The power of unbiased recursive partitioning

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The significance tests underlying the unbiased tree algorithms CTree, MOB, and GUIDE are embedded into a unifying framework. This allows to assess relative strengths and weaknesses in a variety of setups, highlighting the advantages of score-based tests (as in CTree/MOB) vs. residual-based tests (as in GUIDE). Read more ›

Hybrid Machine Learning Forecasts for the 2019 FIFA Women's World Cup

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Using a random forest ensemble learner we obtain probabilistic forecasts for the FIFA Women's World Cup in France: The clear favorite is defending champion USA followed, with some margin, by host France, England, and Germany. Read more ›

Personalized treatment effects with model4you

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Personalized treatment effects can be estimated easily with model-based trees and model-based random forests using the R package model4you. Read more ›

At the end of the rainbow

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Fully saturated RGB rainbow colors are still widely used in scientific visualizations despite their widely-recognized disadvantages. A recent wild-caught example is presented, showing its limitations along with a better HCL-based alternative palette. Read more ›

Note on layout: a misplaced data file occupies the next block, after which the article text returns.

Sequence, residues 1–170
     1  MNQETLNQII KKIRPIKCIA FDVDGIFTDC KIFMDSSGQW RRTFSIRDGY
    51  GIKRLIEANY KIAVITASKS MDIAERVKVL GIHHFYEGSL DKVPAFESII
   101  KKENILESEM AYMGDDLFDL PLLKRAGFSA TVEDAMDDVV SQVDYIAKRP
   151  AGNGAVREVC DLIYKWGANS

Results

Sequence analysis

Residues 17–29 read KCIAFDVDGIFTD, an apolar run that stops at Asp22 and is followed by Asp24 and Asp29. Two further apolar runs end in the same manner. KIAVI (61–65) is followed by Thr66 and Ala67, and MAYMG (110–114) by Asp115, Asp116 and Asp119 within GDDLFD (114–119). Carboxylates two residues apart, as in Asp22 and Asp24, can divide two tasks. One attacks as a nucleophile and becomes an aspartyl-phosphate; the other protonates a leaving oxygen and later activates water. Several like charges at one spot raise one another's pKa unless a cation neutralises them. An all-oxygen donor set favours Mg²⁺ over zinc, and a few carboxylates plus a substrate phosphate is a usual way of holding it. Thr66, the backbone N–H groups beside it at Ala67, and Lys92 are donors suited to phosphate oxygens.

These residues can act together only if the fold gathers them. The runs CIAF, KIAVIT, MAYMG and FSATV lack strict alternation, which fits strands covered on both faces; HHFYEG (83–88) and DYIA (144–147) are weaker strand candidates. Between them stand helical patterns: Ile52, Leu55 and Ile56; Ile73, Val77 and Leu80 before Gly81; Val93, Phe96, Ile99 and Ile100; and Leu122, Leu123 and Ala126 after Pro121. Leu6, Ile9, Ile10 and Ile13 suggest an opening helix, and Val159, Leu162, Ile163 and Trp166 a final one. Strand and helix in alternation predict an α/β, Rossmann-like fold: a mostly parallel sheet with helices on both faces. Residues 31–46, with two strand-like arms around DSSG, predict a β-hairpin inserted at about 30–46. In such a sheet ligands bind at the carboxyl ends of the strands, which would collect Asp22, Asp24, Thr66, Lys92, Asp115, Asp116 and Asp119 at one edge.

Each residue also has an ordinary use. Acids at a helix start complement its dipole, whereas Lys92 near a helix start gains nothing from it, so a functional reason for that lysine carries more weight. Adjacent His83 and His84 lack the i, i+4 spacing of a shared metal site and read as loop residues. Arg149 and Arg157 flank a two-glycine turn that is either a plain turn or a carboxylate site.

Online color apps at hclwizard.org

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The hclwizard.org web page has been relaunched, hosting three online color apps based on the HCL (Hue-Chroma-Luminance) color model: a palette constructor, a color vision deficiency emulator, and a color picker. Read more ›

Spatial lag model trees

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Economic growth models are recursively partitioned to assess heterogeneity in growth and convergence across EU regions while adjusting for spatial dependencies. Accompanied by R package lagsarlmtree, combining partykit::mob and spdep::lagsarlm. Read more ›

colorspace: New tools for colors and palettes

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A major update (version 1.4.0) of the R package colorspace has been released to CRAN, enhancing many of the package's capabilities, e.g., more refined palettes, named palettes, ggplot2 color scales, visualizations for assessing palettes, shiny and Tcl/Tk apps, color vision deficiency emulation, and much more. Read more ›

Minimum CRPS vs. maximum likelihood

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In a new paper in Monthly Weather Review, minimum CRPS and maximum likelihood estimation are compared for fitting heteroscedastic (or nonhomogenous) regression models under different response distributions. Minimum CRPS is more robust to distributional misspecification while maximum likelihood is slightly more efficient under correct specification. An R implementation is available in the crch package. Read more ›

Partially additive (generalized) linear model trees

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The PALM tree algorithm for partially additive (generalized) linear model trees is introduced along with the R package palmtree. One potential application is modeling of treatment-subgroup interactions while adjusting for global additive effects. Read more ›

Thunderstorm forecasting with GAMs

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Boosted binary generalized additive models (GAMs) with stability selection and corresponding MCMC-based credibility intervals are discussed in a new MWR paper as a probabilistic forecasting method for the occurrence of thunderstorms. Read more ›